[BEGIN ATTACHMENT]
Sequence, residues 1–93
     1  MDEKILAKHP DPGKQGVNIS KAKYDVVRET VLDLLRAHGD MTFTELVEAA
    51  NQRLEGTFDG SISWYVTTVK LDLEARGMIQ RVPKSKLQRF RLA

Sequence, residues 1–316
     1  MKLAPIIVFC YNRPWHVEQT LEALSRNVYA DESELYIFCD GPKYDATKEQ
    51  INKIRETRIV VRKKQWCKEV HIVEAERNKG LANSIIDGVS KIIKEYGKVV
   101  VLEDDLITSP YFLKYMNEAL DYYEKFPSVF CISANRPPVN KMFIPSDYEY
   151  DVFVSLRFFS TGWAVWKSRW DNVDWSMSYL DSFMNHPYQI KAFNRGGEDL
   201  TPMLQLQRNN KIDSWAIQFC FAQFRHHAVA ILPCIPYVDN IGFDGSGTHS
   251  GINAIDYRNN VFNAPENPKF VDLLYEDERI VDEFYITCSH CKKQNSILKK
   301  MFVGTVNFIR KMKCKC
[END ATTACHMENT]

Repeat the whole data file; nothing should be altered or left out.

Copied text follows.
Sequence, residues 1–93
     1  MDEKILAKHP DPGKQGVNIS KAKYDVVRET VLDLLRAHGD MTFTELVEAA
    51  NQRLEGTFDG SISWYVTTVK LDLEARGMIQ RVPKSKLQRF RLA

Sequence, residues 1–316
     1  MKLAPIIVFC YNRPWHVEQT LEALSRNVYA DESELYIFCD GPKYDATKEQ
    51  INKIRETRIV VRKKQWCKEV HIVEAERNKG LANSIIDGVS KIIKEYGKVV
   101  VLEDDLITSP YFLKYMNEAL DYYEKFPSVF CISANRPPVN KMFIPSDYEY
   151  DVFVSLRFFS TGWAVWKSRW DNVDWSMSYL DSFMNHPYQI KAFNRGGEDL
   201  TPMLQLQRNN KIDSWAIQFC FAQFRHHAVA ILPCIPYVDN IGFDGSGTHS
   251  GINAIDYRNN VFNAPENPKF VDLLYEDERI VDEFYITCSH CKKQNSILKK
   301  MFVGTVNFIR KMKCKC